Jonathan Hood
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Whenever I set out to go to a speaking event, I try my best to know who my audience is. What might they be interested in? How can I relate to them? And ultimately, how can I make a positive impact in their lives?

By putting myself in varying positions, I’m able to get a sense of their thought processes. This makes it easier for me to come to conclusion on how I can deliver a meaningful, resonating speech.

I learned this from my mother.

Call it innate motherly instinct (or superior psychic ability), but mothers have a way of just knowing what to ask and when to ask it. I usually end up sharing with her whatever it is that is going on in my life, whether she can help me or not. And it feels good to have someone in my corner that is able to give me feedback.

She knows me very well. She knows if I’m taking a situation too hard, or if I need to put more effort into it. Most importantly, our difference in perspectives (being that she is a woman and I am a man) gives me deeper insight into certain situations. And I’m always interested to learn more about where she is coming from and grow based on that insight.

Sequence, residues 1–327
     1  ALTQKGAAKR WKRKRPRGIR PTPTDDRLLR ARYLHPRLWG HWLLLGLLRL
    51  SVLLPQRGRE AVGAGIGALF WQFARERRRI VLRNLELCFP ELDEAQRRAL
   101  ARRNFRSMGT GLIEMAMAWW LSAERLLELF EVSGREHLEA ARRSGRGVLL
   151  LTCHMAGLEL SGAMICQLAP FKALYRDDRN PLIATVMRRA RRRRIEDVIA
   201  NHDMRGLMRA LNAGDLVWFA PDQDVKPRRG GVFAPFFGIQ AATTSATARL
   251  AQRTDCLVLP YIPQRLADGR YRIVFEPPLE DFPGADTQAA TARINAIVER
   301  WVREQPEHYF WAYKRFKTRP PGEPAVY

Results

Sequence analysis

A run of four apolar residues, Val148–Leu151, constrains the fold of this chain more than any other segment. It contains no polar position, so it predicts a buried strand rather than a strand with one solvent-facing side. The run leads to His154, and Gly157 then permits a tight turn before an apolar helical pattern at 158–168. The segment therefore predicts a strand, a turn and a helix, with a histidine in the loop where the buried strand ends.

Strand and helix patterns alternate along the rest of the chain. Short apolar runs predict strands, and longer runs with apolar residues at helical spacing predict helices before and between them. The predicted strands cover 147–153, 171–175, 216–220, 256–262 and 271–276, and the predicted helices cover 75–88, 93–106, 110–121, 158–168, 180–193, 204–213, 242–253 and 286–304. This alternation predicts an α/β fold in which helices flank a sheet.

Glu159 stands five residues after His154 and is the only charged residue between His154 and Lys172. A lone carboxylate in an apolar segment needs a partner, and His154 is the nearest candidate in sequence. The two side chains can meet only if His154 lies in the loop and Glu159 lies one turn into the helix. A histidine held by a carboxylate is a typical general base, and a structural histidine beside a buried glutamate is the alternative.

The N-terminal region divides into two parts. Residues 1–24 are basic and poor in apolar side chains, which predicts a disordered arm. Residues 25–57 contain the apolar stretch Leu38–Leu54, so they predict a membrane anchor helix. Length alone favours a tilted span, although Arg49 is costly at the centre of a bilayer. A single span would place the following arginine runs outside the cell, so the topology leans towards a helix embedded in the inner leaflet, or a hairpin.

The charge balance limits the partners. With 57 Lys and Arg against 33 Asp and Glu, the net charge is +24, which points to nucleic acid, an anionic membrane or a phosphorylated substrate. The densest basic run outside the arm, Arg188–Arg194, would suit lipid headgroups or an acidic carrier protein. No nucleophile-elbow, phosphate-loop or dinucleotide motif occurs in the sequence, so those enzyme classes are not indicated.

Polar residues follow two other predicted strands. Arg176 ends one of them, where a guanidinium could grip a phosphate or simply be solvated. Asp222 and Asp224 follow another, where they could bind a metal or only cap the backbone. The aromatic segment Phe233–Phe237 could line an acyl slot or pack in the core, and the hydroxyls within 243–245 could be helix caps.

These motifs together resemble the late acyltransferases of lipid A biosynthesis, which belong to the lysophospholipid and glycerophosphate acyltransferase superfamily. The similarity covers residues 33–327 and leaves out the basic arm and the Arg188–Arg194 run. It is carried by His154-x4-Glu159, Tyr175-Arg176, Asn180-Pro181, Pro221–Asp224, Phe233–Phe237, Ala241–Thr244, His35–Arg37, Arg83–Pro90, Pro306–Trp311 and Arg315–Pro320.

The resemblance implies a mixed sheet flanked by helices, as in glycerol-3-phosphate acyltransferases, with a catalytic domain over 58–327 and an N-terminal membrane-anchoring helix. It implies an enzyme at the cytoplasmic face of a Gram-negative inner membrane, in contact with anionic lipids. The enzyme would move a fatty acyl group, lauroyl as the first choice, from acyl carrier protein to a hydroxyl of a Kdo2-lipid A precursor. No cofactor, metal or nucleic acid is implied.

Her “check-ins” and her feedback help take me to another level. They show me that she cares, which once more builds trust and credibility in our relationship.

Our difference in perspectives also gives me the information I need to improve as a whole. I’m able to think outside of my own bubble: how might the things I do or say be interpreted from a woman’s perspective? What about someone of a different racial background? Or those from a different social class? Asking simple questions like these give me a better understanding of how to connect with others and helps me to improve.

It’s important to note that constant growth – that slow, persevering tortoise – is a constant journey that cannot be rushed. We all want to grow. We all want to be better today than we were yesterday. Better this week than the last. Better this year than a lifetime. Whether it’s with relating to people, communicating with others, or being more open in our relationships, we should be aiming to enjoy a better quality of life in all areas. And sometimes we need others there to remind us of how we can achieve that once by helping us change our perspective. Only then will we be able to make a lasting impact on those we come in contact with.



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